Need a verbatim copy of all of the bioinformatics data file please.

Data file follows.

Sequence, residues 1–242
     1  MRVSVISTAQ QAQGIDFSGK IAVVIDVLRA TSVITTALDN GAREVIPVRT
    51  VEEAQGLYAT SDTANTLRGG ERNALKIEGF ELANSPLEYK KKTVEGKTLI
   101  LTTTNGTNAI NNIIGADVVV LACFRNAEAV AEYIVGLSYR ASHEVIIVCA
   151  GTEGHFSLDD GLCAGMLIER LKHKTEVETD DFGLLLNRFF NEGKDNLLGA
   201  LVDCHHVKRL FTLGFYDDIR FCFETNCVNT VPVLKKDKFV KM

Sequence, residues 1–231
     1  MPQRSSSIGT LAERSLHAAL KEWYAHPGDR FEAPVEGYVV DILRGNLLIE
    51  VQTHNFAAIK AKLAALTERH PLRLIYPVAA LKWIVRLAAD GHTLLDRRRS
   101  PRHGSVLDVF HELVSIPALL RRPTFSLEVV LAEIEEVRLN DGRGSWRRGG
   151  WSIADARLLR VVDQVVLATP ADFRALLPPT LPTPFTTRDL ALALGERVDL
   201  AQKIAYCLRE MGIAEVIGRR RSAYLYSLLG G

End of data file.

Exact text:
Sequence, residues 1–242
     1  MRVSVISTAQ QAQGIDFSGK IAVVIDVLRA TSVITTALDN GAREVIPVRT
    51  VEEAQGLYAT SDTANTLRGG ERNALKIEGF ELANSPLEYK KKTVEGKTLI
   101  LTTTNGTNAI NNIIGADVVV LACFRNAEAV AEYIVGLSYR ASHEVIIVCA
   151  GTEGHFSLDD GLCAGMLIER LKHKTEVETD DFGLLLNRFF NEGKDNLLGA
   201  LVDCHHVKRL FTLGFYDDIR FCFETNCVNT VPVLKKDKFV KM

Sequence, residues 1–231
     1  MPQRSSSIGT LAERSLHAAL KEWYAHPGDR FEAPVEGYVV DILRGNLLIE
    51  VQTHNFAAIK AKLAALTERH PLRLIYPVAA LKWIVRLAAD GHTLLDRRRS
   101  PRHGSVLDVF HELVSIPALL RRPTFSLEVV LAEIEEVRLN DGRGSWRRGG
   151  WSIADARLLR VVDQVVLATP ADFRALLPPT LPTPFTTRDL ALALGERVDL
   201  AQKIAYCLRE MGIAEVIGRR RSAYLYSLLG G